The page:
We hear so much about the aging Baby Boomer generation that is exploding the over-65 proportion of the population, but what’s not talked about as often is the Gen-X women who recently started turning 50, and are facing burnout.
According to a current Everyday Health post, Generation X females, born between 1965 and 1980, are increasingly experiencing a crisis of well-being. Pulled in so many directions; raising children, demanding careers, bills, aging parents, marriage, and divorce, many middle-aged women are just bone tired. If all that wasn’t enough, Gen X women are likely entering perimenopause – all while working from home and supervising online school during a global pandemic. Most are still doing the lion’s share of the housework too.
Among women around this age, many are commiserating (at 3:30 a.m. on Facebook) about their inability to get a good night’s rest. Now their children are older, careers are well established, and there is more time for self-care, middle age should be a time that permits at the least a full night’s sleep. But fluctuating hormones, stress, and worry are robbing many women of the one thing they might need more than anything else – restorative sleep.
The pressures to stay slim and attractive, nail their chosen careers, raise independent, empathetic children and cook healthy meals for their families – all while keeping a clean and beautiful home and garden, is full-out exhausting. Somewhere mixed up in the belief that women of this generation could have it all, they themselves wound up feeling like failures. The frustration and unhappiness of not living up to their own expectations are causing many Gen-X women to feel not only discouraged but downright depressed.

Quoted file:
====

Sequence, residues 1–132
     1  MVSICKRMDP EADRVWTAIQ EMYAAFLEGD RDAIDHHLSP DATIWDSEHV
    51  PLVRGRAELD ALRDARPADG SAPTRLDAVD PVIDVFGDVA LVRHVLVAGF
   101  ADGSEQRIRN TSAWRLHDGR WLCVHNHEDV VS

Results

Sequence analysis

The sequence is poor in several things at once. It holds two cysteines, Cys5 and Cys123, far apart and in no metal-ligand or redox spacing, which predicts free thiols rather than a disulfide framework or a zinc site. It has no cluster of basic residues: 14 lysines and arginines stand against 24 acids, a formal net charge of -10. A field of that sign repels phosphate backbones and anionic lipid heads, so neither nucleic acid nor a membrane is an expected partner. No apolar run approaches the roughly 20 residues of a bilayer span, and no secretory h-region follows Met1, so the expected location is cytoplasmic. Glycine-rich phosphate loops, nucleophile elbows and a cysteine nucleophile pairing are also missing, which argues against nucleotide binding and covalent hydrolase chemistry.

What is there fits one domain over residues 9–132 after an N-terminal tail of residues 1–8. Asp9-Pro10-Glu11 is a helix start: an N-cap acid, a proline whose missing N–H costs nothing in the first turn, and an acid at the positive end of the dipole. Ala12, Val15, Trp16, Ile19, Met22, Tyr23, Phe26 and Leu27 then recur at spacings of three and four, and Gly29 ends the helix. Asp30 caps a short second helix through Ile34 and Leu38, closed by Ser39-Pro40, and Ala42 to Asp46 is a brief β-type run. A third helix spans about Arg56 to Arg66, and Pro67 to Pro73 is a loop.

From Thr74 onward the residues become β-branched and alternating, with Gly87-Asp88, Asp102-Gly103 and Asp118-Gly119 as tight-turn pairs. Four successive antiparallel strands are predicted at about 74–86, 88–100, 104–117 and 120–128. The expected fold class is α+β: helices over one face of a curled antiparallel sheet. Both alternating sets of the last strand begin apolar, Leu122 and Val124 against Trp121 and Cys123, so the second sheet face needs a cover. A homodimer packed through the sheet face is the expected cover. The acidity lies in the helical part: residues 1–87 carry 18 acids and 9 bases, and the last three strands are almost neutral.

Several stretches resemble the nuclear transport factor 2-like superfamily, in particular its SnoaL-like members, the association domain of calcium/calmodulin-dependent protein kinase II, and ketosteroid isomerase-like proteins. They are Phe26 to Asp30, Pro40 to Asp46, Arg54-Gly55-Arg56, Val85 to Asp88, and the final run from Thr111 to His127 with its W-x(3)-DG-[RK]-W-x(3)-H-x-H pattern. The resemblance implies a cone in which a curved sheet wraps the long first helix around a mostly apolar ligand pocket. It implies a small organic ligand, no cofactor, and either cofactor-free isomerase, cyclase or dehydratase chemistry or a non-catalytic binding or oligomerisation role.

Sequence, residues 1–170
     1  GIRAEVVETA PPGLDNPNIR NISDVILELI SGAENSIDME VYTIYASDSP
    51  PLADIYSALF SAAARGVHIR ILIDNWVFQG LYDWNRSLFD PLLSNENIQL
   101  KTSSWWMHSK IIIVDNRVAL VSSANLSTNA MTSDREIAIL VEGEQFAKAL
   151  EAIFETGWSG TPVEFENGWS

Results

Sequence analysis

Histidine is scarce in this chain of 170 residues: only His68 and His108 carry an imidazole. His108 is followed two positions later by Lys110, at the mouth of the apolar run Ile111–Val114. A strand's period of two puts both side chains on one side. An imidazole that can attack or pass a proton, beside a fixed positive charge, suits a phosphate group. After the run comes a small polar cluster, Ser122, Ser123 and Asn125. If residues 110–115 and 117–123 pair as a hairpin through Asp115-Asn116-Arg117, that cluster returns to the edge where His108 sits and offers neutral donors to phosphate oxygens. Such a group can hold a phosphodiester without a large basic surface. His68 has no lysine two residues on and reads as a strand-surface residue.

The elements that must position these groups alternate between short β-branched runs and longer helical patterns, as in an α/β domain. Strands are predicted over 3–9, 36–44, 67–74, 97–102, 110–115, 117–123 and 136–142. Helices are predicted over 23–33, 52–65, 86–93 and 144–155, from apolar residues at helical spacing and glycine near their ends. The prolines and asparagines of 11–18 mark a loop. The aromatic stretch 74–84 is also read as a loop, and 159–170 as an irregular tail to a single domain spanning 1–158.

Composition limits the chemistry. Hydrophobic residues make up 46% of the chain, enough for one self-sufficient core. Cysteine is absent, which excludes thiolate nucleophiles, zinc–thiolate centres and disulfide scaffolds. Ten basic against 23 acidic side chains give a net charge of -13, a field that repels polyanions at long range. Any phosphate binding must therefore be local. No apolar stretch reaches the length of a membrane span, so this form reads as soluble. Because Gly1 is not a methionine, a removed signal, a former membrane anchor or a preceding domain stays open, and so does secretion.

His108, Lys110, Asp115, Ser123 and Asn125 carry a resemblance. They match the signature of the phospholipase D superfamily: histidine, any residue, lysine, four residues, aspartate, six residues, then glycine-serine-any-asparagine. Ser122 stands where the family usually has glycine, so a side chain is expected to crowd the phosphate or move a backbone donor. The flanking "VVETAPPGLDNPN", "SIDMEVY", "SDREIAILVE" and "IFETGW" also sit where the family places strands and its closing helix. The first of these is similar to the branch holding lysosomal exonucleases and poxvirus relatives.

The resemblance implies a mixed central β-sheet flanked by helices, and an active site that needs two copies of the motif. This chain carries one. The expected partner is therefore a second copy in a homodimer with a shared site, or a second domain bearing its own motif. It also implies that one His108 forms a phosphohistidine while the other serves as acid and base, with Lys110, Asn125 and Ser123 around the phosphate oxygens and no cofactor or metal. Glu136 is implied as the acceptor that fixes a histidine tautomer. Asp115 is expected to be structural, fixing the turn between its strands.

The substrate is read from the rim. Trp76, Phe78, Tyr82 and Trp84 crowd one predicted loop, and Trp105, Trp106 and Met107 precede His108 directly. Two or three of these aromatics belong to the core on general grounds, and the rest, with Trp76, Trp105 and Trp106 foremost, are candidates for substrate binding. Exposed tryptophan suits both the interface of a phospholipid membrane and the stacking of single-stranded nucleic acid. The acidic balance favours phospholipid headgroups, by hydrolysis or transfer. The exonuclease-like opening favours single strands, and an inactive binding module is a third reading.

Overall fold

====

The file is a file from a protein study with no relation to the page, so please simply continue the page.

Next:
Not all Gen-X women are in the same boat. Some had their children earlier and they are now off to college and careers, others focused on career first and had children later, and others chose not to have children or it wasn’t in the cards. Some have had long, solid marriages while many are single or divorced. There are so many versions of the Gen-X woman, it is beyond time to scrap the “you can have it all” message drilled into the heads of 40 and 50-something women and let go of the perfect picture that exists only in the imagination and is rarely even close to reality.
In addition, the comparison and competition between women in their 40s and 50s can be harsh. Are you keeping your marriage strong and sexy? Have you saved enough to retire comfortably? Are your children going to be successful, happy adults? With more debt, higher and higher living expenses and more expectations for what success looks like, Gen-Xers are in a pressure-cooker.
What’s the answer?
Author of the book Why We Can’t Sleep: Women’s New Midlife Crisis, Ada Calhoun told Everday Health that her personal antidote for all this stress is to focus on just a few of the most important things in her life. Her relationships are at the forefront – marriage, children and close friendships. Letting go of the idea of perfection has helped Calhoun feel better and get a good night’s sleep without the help of prescription medication.
Read more about sleep problems and menopause by following this link to the National Institute on Aging’s Health Information page from the U.S. Department of Health and Human Services.